I had the pleasure of meeting and working with Rick Sammon recently in Death Valley. Rick and Hal Schmitt were leading our LIGHT Photographic Workshop. These two photographers make a great teaching combo, and the locations, which we visited from dawn to dusk, were a photographer’s playground.
One night over dinner and drinks (the photo fun and learning is non-stop on these workshops), Rick and I talked shop – I like to call it “geeking out" over photos. I showed Rick some of my images on my iPhone and he loved them! I was surprised and happy when he asked me to do a guest blog post. So here goes!
I’m fairly new to California and my most recent endeavors are creating images for my husband’s winery, Hope Family Wines. We both have creative minds and enjoy coming up with new ways to market the company’s brands. What better way than through imagery? Wine is to be enjoyed with friends anywhere any time of the year. Well I think almost anywhere…
My husband Austin Hope came up with this idea, I think it was a dream he had because he shouted “American classics are never left behind!” so loud I woke up and remembered his tag line the next morning. He explained his vision: “I want you to shoot this scene and you’re also the girl I’m holding over my shoulder."
I do consider myself a muti-tasker but this seemed a bit challenging. All photographers are visual people. In order for me to really get something I have to see it, preferably through the viewfinde,r not on the other side of the camera. In the end this ad did work out effortlessly. We always use the people that work for Hope Family Wines in our images. Luckily Austin’s assistant is about the same size as me so she’s a perfect stand in while I compose the scene. Once lights are set up and people are in position I jump in… and into my husbands arms in this particular photograph.
We knew this photograph was going to show up in Wine Enthusiast’s Travel issue. I usually day dream about photographs or scenes I see in my head quite often when I’m supposed to be paying attention to someone or something else. One might call it ADD. I call it creativity. I envisioned a romantic scene on a train; people traveling to a far off place enjoying Liberty School Cabernet. During a marketing meeting someone suggested a plane instead. Good call- an empty train might have been hard to track down!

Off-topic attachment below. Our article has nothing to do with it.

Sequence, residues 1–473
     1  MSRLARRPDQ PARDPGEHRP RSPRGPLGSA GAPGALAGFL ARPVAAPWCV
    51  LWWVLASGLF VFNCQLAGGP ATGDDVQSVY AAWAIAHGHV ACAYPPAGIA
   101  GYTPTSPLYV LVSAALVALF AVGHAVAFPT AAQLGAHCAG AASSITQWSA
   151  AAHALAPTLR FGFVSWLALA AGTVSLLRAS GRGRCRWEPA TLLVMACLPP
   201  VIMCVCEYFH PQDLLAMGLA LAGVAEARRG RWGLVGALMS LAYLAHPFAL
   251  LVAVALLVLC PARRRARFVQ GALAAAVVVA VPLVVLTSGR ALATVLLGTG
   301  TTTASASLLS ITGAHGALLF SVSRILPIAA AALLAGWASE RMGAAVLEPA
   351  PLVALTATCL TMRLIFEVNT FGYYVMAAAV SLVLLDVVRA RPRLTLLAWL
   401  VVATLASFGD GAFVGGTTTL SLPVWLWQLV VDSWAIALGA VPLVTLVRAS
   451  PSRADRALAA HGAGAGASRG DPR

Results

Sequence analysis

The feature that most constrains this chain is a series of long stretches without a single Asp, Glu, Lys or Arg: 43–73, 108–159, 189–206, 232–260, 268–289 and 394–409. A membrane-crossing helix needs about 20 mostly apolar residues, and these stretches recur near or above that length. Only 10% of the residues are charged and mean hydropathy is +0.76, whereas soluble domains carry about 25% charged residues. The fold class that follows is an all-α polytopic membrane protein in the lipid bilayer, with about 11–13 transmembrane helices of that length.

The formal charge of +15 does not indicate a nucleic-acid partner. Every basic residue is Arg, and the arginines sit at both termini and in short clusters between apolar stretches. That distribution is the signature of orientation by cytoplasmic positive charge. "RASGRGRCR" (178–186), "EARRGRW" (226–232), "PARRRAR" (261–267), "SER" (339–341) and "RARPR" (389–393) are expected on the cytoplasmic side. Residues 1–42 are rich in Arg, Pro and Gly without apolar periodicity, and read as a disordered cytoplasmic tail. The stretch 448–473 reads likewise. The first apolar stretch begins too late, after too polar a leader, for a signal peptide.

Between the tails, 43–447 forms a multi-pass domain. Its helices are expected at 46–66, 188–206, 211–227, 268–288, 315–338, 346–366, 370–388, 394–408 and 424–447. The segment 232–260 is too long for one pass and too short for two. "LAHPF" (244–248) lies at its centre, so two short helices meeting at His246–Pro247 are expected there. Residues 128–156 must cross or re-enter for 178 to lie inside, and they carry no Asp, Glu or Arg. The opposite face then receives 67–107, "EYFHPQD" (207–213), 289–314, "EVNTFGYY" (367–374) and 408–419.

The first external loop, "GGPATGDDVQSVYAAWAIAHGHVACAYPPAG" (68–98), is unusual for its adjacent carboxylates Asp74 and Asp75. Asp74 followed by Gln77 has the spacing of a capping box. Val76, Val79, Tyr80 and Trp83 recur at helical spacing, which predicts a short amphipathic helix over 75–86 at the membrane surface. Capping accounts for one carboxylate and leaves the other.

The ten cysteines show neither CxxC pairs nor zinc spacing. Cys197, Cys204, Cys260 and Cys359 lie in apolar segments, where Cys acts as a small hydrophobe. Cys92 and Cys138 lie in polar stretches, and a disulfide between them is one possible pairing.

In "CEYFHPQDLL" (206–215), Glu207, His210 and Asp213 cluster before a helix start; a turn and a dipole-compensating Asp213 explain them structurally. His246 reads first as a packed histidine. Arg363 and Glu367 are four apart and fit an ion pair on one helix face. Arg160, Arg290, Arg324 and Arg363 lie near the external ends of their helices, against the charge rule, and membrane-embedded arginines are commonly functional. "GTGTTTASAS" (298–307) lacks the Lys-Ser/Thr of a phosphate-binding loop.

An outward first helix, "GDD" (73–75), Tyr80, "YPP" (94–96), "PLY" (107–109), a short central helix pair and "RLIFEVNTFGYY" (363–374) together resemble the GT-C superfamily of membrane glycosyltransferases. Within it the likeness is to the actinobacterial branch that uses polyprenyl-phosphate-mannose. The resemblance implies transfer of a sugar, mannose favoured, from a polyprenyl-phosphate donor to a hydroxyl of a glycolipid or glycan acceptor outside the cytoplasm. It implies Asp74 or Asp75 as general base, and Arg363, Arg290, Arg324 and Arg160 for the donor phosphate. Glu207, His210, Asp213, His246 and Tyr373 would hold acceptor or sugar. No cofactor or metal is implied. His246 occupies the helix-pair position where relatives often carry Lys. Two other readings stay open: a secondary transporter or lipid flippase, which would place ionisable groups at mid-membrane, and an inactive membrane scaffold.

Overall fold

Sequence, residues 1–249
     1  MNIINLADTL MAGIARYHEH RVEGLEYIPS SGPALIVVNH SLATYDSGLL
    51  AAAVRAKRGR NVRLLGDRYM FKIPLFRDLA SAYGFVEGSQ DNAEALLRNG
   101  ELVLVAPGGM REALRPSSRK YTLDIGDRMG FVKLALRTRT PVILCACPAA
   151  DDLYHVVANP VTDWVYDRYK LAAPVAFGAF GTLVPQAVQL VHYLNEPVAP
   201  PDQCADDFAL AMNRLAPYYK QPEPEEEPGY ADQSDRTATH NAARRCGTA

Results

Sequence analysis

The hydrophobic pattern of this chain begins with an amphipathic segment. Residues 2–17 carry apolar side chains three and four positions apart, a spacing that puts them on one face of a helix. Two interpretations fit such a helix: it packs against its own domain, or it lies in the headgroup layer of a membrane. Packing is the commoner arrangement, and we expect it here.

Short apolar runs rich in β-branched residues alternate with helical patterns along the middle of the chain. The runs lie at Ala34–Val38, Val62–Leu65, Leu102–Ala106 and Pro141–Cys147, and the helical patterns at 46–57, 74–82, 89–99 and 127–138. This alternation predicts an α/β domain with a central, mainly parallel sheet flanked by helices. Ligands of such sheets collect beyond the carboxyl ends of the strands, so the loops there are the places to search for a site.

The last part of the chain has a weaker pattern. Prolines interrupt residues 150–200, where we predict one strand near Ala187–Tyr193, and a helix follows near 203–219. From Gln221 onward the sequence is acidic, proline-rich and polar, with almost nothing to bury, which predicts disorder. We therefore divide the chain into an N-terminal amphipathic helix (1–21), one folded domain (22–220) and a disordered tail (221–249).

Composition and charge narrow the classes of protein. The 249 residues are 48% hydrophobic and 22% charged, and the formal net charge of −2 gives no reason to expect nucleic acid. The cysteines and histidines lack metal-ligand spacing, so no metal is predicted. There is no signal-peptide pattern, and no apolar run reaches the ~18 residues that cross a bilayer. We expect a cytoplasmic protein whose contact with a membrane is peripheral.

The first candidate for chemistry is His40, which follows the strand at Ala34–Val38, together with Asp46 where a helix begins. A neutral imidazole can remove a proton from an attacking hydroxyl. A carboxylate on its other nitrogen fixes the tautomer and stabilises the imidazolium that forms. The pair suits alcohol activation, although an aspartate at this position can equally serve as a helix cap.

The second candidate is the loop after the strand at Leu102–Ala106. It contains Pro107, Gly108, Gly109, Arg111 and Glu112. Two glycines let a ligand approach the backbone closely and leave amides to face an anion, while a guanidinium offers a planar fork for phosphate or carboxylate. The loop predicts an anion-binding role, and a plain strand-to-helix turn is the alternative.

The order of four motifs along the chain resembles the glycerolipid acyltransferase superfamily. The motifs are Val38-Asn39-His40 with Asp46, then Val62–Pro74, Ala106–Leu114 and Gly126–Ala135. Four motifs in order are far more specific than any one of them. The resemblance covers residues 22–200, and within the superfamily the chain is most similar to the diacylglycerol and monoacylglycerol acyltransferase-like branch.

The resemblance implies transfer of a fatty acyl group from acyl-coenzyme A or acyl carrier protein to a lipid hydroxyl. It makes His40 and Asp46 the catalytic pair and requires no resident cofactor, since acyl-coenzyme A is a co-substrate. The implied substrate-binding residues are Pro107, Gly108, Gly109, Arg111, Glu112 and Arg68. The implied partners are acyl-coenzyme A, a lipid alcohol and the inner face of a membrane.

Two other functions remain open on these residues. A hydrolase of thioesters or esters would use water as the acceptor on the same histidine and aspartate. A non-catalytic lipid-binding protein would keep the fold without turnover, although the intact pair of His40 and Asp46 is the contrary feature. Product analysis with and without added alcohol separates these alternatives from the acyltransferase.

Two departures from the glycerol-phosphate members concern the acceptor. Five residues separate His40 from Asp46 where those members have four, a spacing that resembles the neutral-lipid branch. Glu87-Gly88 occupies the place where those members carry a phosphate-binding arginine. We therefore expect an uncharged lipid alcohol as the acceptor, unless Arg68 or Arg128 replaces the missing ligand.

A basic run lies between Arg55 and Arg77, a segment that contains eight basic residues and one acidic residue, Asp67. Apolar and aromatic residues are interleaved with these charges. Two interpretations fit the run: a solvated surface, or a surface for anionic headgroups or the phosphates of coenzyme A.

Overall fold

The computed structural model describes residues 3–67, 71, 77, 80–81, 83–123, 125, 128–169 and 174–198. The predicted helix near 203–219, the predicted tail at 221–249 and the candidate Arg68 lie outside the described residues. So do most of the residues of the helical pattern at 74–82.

I love Canon speedlites - so light and portable. Here I set up three of them, two with soft boxes to light up the front of the plane and our Hope Family Team. The third speedlite is inside the plane lighting up Robert, who is loading cases of wine for our “big trip." With my camera on a tripod, our graphic designer and marketing manager directing us we nailed it. Creating these ads is definitely a fun collaborative effort. The word Troublemaker was added in post-production a subliminal statement that we sneaked in. This is the brand name of another red wine Hope Family makes. I think it could be a new favorite of Rick’s. [For sure! - Rick.]
This image was my husband’s idea. Its very masculine yet expressive. The house was very dark and the living room compact. It was a challenge to fit six people in the scene and light everyone in a manner where it didn’t look too staged or studio. We wanted it to look like a Speakeasy perhaps an underground poker game. Austin is winning big; the dead to Liberty School in his hand. Another small detail added is the Troublemaker poster hanging on the wall- again the subliminal sneak. I used two speedlites with soft boxes and lit up the cigar girl with a hot light. To fit everyone in a confined space I used my Canon 16-35mm lens.
This scene I saw in a dream around the time we were brainstorming ad ideas for Esquire… girl walks through the front door alone to a holiday party but she’s bringing Liberty School with her. Going alone to a party is okay but never empty handed. The more people we add the more complex it gets. A light was set up to side light the entrance and speedlites were placed around the living room to highlight faces. I used my Canon 24-70mm lens, a favorite of mine. Getting all of us into character at the same time and keeping the character was a task. We’re not models. We’re co workers and friends enjoying the craft of wine.
Before I go, I'd like to share two of my favorite images from my workshop with Rick and Hal.
Above: Sand Shark
One morning I climbed up top of the sand dunes with Rick and waited for the sunrise. Waiting for the light definitely takes patience and some stamina climbing up the sand, but all worth it in the end. The landscape, textures, and colors are amazing. A must see for a photographer. I saw this formation of light and shadows in the sand… and thought “Shark." This image is one of my many favorites from the trip.
Above: Amanda channeling Diane
We had the pleasure of photographing Amanda Valena a model they brought to the workshop. This image feels like a scene in a movie maybe because she reminds me a little of Diane Lane. I love the negative space of the blue sky and solid color sand below her. The lines are simple and elegant. The morning light is pretty perfect as well. Both of these images from Death Valley I shot with a 24-70 mm lens on my 5D Mark II.
To see more of my work, please visit my web site.
Thanks again, Rick!
P.S (From Rick). Hal and I are running a 2015 Death Valley workshop. Stay tuned to the LIGHT Photographic site and my 2015 Workshops page for details.